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A Superbubble and the R word.

“US inflation hotter than expected”, “Cold winter is coming in Europe”, “the R word”, and more…

Fear and concern are looming even more in markets. In the time of writing this article, the US CPI (Consumer Price Index) increased by 0.1% from July (up by 8.3% from this time last year), and given that ‘Black Wednesday’ in British Pound has been announced, following the drop to $1.14 for the first time since 1985. With these indices crippling behind, we must turn our attention to the research by Jeremy Grantham on “Superbubble’s Final Act”.


The article published on 31st August, by the CEO of a multi-billion dollar hedge fund, GMO, as well as an accurate prophet of the past 3 bubbles, argues that we are now entering the final stage of a superbubble. Historical examples of superbubbles include but aren’t limited to the markets prior to 1929 Great Depression, 1989 Japanese Bubble, and 2000 Tech Bubble.  A superbubble is when there is a sudden rise of around 50% in stock prices despite a worsening economic condition. After which, there is a substantial downturn waiting. 

The 4 stages of a superbubble is as follows: 

  • 1) bubble forms, 
  • 2) an initial setback in stock prices,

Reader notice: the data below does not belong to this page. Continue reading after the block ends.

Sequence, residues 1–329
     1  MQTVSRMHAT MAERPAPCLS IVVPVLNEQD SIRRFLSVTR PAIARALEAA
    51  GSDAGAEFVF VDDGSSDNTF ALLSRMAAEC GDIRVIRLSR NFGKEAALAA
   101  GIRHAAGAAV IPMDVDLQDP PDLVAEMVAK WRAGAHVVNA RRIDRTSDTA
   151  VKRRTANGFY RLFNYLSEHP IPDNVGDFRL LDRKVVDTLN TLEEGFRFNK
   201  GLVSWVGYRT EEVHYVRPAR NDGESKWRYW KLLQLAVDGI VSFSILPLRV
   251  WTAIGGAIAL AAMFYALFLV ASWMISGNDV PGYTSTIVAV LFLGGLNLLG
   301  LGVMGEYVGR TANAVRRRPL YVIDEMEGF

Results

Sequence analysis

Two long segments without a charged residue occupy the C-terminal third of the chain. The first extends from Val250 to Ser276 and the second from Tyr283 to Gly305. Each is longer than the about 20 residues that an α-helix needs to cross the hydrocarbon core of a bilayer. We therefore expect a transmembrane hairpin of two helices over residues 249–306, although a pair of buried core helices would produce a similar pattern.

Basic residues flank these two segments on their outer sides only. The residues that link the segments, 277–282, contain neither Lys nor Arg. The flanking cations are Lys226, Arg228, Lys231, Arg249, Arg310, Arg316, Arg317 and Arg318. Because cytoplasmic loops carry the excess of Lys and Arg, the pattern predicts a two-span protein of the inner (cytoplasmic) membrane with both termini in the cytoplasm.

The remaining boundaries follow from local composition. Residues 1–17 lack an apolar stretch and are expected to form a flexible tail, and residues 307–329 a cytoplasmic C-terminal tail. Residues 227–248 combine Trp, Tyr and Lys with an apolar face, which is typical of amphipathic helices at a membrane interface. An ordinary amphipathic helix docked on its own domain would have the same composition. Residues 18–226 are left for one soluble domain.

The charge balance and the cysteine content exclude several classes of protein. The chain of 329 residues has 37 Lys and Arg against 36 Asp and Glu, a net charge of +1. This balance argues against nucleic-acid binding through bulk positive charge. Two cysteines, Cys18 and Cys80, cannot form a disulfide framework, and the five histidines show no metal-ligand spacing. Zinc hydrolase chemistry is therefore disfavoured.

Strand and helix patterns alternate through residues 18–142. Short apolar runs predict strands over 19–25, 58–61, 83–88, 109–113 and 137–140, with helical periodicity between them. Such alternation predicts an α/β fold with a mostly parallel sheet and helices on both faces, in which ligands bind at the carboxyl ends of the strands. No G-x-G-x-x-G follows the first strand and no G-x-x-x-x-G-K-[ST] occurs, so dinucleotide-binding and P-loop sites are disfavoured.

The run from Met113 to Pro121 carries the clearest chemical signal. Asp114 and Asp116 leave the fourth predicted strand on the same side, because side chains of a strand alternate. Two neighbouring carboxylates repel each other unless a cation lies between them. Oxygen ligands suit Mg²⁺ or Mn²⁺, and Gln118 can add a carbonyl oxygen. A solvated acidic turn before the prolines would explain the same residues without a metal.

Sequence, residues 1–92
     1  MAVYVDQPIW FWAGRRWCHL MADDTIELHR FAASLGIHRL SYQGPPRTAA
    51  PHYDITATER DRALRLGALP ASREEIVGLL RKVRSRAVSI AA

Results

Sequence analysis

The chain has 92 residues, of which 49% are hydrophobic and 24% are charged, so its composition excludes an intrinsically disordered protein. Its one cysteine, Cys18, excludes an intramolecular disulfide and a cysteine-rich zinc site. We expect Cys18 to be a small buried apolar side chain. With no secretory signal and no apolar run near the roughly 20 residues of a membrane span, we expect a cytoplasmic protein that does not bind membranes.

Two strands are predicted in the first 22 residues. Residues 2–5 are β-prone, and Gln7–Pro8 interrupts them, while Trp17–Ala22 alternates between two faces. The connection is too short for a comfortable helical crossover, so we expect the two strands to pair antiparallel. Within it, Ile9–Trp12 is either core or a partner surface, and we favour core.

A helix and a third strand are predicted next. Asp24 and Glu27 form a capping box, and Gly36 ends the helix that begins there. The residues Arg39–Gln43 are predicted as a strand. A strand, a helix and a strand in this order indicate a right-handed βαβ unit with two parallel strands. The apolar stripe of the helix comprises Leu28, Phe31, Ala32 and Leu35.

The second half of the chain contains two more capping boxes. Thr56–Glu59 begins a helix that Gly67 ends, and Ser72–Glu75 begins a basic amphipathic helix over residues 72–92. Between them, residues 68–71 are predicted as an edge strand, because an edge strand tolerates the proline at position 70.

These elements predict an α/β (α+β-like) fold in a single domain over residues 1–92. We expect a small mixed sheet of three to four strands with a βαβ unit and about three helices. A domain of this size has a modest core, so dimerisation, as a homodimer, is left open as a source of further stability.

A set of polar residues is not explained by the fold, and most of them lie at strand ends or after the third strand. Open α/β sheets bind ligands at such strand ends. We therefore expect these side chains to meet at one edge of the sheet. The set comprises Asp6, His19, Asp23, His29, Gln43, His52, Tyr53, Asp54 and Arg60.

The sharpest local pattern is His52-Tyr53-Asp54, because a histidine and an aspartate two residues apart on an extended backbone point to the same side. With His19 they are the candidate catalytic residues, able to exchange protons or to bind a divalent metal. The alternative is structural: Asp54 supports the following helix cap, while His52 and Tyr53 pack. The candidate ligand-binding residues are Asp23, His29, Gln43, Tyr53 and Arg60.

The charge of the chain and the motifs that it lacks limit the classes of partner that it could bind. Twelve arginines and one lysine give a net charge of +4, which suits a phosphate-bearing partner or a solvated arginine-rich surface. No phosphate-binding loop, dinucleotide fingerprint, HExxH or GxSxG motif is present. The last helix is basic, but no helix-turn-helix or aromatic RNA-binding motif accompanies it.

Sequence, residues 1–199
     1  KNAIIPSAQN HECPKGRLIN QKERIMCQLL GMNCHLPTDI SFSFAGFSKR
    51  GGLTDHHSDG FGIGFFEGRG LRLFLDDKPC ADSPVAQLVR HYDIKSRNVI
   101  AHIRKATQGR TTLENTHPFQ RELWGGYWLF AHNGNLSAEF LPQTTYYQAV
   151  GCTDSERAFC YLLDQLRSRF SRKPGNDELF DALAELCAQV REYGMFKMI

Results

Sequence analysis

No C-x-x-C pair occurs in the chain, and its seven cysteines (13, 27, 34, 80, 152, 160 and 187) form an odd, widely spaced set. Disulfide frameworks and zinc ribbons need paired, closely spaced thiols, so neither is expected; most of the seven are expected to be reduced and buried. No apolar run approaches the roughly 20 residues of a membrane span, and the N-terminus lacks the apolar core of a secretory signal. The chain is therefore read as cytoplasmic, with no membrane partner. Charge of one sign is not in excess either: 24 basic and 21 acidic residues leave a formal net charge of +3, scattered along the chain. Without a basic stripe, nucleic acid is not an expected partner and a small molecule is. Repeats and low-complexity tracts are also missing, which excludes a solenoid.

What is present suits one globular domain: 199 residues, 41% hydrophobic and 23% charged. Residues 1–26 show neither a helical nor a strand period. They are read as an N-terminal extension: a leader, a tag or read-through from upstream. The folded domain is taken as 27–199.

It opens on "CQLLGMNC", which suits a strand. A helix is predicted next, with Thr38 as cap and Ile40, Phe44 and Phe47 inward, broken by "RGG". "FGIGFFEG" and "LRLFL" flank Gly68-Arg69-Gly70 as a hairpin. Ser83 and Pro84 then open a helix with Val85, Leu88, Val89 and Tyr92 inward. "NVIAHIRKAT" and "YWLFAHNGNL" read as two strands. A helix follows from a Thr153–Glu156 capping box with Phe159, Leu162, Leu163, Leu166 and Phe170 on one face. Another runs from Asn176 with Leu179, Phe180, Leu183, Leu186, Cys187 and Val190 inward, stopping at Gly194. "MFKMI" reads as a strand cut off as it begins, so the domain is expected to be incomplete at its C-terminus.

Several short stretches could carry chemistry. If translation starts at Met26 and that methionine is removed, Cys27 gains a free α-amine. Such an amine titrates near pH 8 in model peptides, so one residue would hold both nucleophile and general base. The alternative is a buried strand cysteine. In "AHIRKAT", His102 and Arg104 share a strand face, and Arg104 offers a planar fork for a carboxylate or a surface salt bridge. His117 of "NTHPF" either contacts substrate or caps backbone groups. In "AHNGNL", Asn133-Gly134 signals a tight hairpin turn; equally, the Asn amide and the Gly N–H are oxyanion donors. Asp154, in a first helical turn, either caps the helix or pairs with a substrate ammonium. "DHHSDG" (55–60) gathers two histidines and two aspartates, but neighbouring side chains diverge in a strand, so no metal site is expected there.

• 3) bear market rally – a slight increase in prices,
  • 4) deterioration of fundamentals.


With inflation getting worse, Grantham’s argument seems even more compelling and lines up with stage 3 of a superbubble and leads us on to stage 4, with the current tightening of monetary policy witnessed across the globe. Tightening monetary policy is when central banks raise interest rates to reduce inflation. In previous and upcoming central bank meetings, CB’s have raised interest rates or are planning to hike rates soon. The current situation is as follows: prices have increased and interest rates are increasing, meaning there is a higher incentive to save and higher cost to borrow, and consumer confidence in the market is alarmingly low. This is a recipe that results in a decline in earnings reports by companies due to the aforementioned reasons, which will eventually cause a fall in stock prices. 

Will Grantham be correct this time? Could this be the start of the R word, the recession? And if so,  who will be the winners and losers of this epic finale. “Bubble, double toil and trouble; Fire burn and caldron bubble…”

Link to the article:


Analyst: Joonmin Choe

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